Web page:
Alan Whitehorn, Kingston ON, 31 May 2016
Over the past decades, I was often asked by non-Armenians to try to explain the complexities around the ongoing tensions and conflict over the tiny mountainous region of Nagorno-Karabagh in the South Caucasus and the ongoing closure of the Turkish-Armenian border. As a political scientist, I knew the complex and winding path to peace, justice and security in the region was scattered with hazardous cliffs and many casualties. Amongst the local and nearby peoples involved, each claimed fiercely held views about the painful past history and the more appropriate future course.
Aware of the classical Socratic tradition of using literary dialogue between contrasting viewpoints as a possible means to ascertain insight, I decided to pen a complex poem. It has evolved over the years and was later printed in my book Just Poems: Reflections on the Armenian Genocide (Winnipeg, Hybrid Publishing, 2009). The poem sought to reflect the great diversity of the multitude of discordant and intense voices. Whether the various iterations of debate, tensions and conflict in the region will ever diminish, let alone cease, remain to be seen. The recent increasingly deadly clashes of 2016 suggest frank and sombre assessments are needed. Perhaps, this poem can suggest some of the challenges ahead.
Turkish officials decry:
‘Why are our election observers not allowed into Armenia?’
Armenian state spokespersons reply:
‘Why have you closed our joint border?’
Turkey’s government responds:
‘Because Armenia invaded Azerbaijan.’
Armenians from Nagorno-Karabagh cry out:
‘Why did the Azeri government persecute our fellow Armenians
and force them to flee the pogroms against Christians?’
The government of Azerbaijan warns:
‘Azeri lands taken by Armenians must be returned
before peaceful relations can exist.’
‘Each nation has a right to freedom and independence,
which is what Armenians in Artsakh sought.’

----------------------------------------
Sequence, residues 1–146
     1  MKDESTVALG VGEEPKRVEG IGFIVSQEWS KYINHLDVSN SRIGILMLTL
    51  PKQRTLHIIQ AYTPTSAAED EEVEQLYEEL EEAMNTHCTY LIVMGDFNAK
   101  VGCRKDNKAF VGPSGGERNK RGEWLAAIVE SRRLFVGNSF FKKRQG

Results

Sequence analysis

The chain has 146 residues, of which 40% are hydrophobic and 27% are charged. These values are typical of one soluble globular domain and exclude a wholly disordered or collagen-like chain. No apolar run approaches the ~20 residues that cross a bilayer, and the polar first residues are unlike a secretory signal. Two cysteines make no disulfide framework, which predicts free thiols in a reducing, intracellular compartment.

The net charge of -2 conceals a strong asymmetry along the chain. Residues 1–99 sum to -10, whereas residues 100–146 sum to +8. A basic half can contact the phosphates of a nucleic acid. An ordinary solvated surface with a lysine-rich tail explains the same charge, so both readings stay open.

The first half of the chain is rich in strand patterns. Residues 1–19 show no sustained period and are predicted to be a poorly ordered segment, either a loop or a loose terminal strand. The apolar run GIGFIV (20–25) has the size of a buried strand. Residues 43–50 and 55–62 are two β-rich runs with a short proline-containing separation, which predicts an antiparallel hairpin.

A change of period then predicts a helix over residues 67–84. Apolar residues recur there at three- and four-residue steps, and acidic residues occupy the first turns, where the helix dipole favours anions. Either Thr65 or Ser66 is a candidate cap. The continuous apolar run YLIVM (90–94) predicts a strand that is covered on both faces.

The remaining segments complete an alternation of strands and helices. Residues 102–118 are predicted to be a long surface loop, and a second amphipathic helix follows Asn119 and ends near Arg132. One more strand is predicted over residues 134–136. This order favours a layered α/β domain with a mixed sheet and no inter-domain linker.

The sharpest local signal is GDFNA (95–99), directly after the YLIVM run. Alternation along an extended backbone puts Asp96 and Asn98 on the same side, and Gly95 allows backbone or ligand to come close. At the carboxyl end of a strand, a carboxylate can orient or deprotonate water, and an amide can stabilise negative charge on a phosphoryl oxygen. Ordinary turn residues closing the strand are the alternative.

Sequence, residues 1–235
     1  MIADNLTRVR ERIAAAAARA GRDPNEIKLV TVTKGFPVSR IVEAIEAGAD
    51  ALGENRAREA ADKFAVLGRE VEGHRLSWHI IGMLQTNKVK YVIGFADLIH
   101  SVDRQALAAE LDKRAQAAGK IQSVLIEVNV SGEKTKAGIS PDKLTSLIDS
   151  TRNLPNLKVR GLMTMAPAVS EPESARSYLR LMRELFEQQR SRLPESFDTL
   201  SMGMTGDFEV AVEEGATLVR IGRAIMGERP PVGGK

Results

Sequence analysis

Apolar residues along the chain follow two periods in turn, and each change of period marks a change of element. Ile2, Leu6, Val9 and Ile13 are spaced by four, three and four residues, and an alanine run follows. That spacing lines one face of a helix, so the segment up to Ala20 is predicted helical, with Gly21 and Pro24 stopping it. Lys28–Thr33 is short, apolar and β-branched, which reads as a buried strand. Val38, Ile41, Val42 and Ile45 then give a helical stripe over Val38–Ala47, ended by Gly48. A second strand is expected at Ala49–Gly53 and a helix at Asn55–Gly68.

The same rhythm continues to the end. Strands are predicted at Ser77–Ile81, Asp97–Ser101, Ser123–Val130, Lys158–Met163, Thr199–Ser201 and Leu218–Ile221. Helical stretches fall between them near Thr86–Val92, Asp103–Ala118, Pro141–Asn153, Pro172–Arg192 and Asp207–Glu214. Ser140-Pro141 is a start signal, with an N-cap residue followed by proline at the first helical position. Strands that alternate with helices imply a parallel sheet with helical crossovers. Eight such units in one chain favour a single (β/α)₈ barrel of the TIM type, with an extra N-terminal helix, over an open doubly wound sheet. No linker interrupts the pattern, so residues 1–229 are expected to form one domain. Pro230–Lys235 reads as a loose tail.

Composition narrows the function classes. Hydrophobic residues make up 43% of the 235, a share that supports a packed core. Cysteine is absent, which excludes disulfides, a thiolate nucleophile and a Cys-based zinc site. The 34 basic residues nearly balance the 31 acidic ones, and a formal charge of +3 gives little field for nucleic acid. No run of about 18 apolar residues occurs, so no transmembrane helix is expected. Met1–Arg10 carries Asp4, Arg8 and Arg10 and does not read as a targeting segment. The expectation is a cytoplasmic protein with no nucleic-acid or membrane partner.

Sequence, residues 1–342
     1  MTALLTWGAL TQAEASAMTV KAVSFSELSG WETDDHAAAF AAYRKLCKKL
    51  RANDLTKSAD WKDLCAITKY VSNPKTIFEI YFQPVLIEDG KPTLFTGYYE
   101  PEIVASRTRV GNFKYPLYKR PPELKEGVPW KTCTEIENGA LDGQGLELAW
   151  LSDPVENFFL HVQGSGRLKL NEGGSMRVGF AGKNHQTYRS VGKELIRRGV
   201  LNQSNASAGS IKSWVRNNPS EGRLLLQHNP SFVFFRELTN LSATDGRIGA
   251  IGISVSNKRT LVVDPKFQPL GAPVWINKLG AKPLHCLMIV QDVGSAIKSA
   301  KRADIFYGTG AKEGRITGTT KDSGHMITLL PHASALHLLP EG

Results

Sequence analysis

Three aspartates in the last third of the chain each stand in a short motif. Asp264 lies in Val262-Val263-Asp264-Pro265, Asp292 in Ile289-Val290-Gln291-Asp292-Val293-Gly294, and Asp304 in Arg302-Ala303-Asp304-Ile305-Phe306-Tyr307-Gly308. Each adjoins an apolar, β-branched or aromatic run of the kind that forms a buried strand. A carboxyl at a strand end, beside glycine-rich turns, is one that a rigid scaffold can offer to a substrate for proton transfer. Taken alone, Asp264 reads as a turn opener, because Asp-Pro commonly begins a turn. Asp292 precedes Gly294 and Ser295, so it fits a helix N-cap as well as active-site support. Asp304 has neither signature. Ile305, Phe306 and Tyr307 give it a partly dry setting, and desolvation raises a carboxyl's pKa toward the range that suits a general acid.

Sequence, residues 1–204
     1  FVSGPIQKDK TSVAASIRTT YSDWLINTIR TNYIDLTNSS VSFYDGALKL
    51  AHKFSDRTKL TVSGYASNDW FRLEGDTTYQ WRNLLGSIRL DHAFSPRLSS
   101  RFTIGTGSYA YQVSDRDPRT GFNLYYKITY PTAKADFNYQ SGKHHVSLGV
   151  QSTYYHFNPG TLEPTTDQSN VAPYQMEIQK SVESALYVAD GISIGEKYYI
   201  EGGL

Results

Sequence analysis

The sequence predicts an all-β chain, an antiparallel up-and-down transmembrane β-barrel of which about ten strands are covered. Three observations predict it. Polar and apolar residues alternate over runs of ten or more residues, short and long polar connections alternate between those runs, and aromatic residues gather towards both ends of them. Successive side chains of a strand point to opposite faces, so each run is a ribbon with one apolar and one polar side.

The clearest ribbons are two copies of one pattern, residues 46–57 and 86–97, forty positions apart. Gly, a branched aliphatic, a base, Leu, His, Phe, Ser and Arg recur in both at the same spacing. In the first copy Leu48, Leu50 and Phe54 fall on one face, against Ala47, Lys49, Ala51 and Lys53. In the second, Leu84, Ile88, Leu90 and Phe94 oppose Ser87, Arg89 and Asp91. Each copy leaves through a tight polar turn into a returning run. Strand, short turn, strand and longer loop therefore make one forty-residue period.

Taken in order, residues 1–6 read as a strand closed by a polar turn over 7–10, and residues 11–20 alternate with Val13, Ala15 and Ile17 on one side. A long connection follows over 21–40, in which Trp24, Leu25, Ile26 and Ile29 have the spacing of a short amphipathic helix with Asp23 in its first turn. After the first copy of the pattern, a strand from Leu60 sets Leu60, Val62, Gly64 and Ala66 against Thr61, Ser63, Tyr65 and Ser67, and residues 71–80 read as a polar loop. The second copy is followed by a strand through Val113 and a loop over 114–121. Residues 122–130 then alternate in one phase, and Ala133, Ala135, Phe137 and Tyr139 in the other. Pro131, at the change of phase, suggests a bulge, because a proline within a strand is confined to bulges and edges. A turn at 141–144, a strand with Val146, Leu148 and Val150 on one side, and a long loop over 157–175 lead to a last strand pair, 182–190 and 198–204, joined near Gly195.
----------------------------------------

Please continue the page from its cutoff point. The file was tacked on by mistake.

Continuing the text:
‘Our territorial lands are sacrosanct.’
‘The lands of Armenian people were assigned to Azerbaijan
by the cruel dictator Stalin.
‘The border with land-locked Armenia
will remain closed until Nagorno-Karabagh is returned to Azerbaijan.’
The Armenian government responds:
‘No Armenian Christian will ever again endure ethnic and religious slaughter
by an Islamic state.’
‘Muslim Azeris should have the right to return to Nagorno-Karabagh.’
‘They can, but Artsakh will remain independent of Azerbaijan.’
‘In solidarity with our Muslim brothers
we shall keep the border with Armenia closed.’
Armenia notes with dismay:
‘This is yet another form of genocide.
How much more must Armenians suffer at the hands of the Turks?’
Turkey quickly retorts:
All Ottoman Turks suffered during World War I.’
Armenia passionately responds:
‘We lost 1,500,000 men, women and children.
They were our grandparents, parents and beloved families.’
Turkish officials reply:
‘These are lies and Armenian anti-Turkish propaganda.’
Diaspora Armenians ask:
‘Why were Armenians forced by the Ottoman Turk government
to leave their ancestral homelands under such terrible conditions?
Why do so few Armenians now live in their historic Western lands?’
Azeris, born in Nagorno-Karabagh, respond:
‘When can we return to our homes
and have our region reunited with Azerbaijan?’
Armenians in Artsakh counter:
‘Armenians will never again suffer religious persecution and slaughter
at the hands of the Azeris. We remember Sumgait.’
Russia, the once might imperial state, counsels:
‘We will broker a truce between Armenia and Azerbaijan.’
Azerbaijan and Turkey, in unison, declare:
‘We will never accept the status quo as permanent.
Nagorno-Karabagh must be returned.’
Turkish and Russian troops grimly face each other
on the tense Armenian-Turkish border.
Meanwhile tourists ask:
‘Why is the border closed?’
Where do I start?
Where will it finish?